The Sikhs however began to settle permanently only after the battle of Hadirachaki. The Ahom ruler Chandra Kanta Singha built up defences at Hadirachaki with armies under the command of the Sikh general Chaaitanya Singh, the Ahom general Charu, the Muslim general Mirdaulla and another Assamese general Krishnaram. It is said that the Punjan ruler Maharaja Ranjit Singh dispatched Chaitanya Singh to Assam in command of 500 soldiers to render military help to Chandra Kanta Singha. General Chaitanya along with his army fought gallantly against the Burmese in a pitched engagement at Hadirachaki and laid down his life for the cause of Assam. Chaitanya, on the eve of the battle said to the Ahom King “ Moharaj, I shall lay down my life along with my army for upholding your cause.” This poignant saga has been clearly mentioned in the monumental novel ‘Monomati’ written by Rajani Kanta Bordoloi, a leading novelist of repute. True to his words Chaitanya kept his promise. Assam remembers him with gratitude and honour even to day.

Following the decade at Hadirachaki and the loss of her dear husband in the thick of the battle, Chaitanya’s widowed consort, accompanied by the remainder of the Sikh forces, proceeded upstream by the Brahmaputra and via Kajalimukh, passed through the Kapili river and the Titiamari Khuti, and encamped at Chaparmukh in the Nawgaon district. They carried with them a few copies of the religious scriptures, two cannons and a number of swords (Kripans). Thses articles have since been carefully preserved in the Gurudwara Mataji, Chaparmukh Singh Gaon, Nagaon (Assam). This Gurudwara Mataji the second historical Gurudwara in Assam.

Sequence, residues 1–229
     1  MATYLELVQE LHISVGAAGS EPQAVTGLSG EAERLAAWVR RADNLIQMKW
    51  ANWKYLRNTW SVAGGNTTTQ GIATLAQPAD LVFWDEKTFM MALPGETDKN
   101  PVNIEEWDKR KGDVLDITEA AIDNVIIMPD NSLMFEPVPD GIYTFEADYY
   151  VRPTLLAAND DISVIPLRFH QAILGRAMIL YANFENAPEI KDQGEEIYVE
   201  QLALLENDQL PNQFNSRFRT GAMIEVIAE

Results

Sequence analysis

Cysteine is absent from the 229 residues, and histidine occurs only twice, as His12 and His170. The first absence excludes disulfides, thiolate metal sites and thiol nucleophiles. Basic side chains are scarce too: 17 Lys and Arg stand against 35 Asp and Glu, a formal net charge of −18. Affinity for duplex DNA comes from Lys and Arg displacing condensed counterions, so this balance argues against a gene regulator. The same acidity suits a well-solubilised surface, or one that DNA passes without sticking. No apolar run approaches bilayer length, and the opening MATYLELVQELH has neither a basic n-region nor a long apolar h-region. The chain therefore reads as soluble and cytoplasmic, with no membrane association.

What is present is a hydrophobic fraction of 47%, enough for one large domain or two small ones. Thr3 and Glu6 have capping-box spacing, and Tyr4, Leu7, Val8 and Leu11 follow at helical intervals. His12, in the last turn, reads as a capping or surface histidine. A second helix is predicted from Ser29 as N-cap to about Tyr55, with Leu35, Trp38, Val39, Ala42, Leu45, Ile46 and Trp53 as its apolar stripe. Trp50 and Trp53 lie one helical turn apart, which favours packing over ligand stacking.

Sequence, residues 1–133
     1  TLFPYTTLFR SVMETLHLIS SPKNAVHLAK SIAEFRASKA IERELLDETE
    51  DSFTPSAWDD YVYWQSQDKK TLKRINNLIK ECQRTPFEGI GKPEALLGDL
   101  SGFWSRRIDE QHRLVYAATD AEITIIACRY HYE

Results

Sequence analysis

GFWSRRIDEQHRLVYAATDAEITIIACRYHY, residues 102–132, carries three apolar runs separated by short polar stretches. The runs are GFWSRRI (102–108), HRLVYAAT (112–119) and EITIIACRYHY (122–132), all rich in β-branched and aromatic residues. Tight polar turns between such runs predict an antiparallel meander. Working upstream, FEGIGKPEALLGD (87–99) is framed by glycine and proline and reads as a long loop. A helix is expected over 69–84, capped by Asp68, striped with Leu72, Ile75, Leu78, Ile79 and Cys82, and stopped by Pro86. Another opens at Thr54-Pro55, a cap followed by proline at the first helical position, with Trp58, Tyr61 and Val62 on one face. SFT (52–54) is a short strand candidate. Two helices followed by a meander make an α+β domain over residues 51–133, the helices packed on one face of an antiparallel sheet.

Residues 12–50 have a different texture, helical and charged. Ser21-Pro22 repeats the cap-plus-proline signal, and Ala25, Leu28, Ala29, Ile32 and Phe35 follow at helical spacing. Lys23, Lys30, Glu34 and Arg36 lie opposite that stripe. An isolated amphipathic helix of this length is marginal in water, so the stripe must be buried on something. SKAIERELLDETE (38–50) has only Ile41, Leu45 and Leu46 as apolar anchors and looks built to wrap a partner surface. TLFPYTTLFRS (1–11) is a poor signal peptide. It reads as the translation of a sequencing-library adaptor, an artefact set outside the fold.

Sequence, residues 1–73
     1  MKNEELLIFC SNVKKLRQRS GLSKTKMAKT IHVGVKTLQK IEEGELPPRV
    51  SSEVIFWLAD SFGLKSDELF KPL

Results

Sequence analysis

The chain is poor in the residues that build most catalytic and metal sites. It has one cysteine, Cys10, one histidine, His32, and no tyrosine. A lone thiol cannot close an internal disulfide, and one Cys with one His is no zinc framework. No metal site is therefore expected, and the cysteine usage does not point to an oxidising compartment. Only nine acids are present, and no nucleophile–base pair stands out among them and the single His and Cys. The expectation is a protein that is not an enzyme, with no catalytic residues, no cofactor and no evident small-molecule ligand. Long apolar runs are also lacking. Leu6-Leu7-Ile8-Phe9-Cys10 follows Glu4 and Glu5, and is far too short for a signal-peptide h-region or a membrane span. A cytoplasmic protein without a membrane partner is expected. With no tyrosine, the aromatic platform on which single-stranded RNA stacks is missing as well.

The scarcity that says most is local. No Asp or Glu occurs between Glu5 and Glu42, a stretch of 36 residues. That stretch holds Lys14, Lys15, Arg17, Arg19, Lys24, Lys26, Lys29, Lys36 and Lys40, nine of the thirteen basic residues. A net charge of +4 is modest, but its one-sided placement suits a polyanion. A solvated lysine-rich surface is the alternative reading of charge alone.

The Sikhs first settled at Chaparmukh and later on they moved to Barkola, Hatipara, Lanka (all in Nowgaon district of Assam). The largest numbers of Assamese Sikh families (about 150 families) now live at Borkola. It is popularly believed that the first Sikh Sardar who came to Borkola to reside was Sardar Ram Singh. The Population of Assamese Sikhs in the State is at present about 5000.

It would not be out of place to mention here that under the auspices of the Assamese Sikh Association, and able leadership of Sh Dhyan Singh President of the Association, the work of renovation of Gurudwara Mataji has been taken up with kind donations from gurpremi sadh sangat at the birthday anniversary of the ninth Sikh GuruTegh Bahadur sahib who visited Assam is being celebrated every year at this historical Shrine.

The companions whom Chaitanya had left behind subsequently married Assamese women and got fused with the central drift of assamese life and culture. The process of assimilation was so decisive as to have made them embrace their land of occupation as their homeland. They have played significant role in their efforts to defend and serve the cause of the State at various levels from time to time.”

The Assamese Sikhs have their own Gurudwaras but they have been maintaining fraternal cohesion and amity with the people of other religious persuasions in their neighbourhood. Their intimate participation in all Assamese festivals and institutions like Bihu, the birth and death anniversaries of Shankar dev and Madhav dev, Rang utsav, weddings and other festivals speak eloquently of their integrated life with the mainstream of the Assamese people.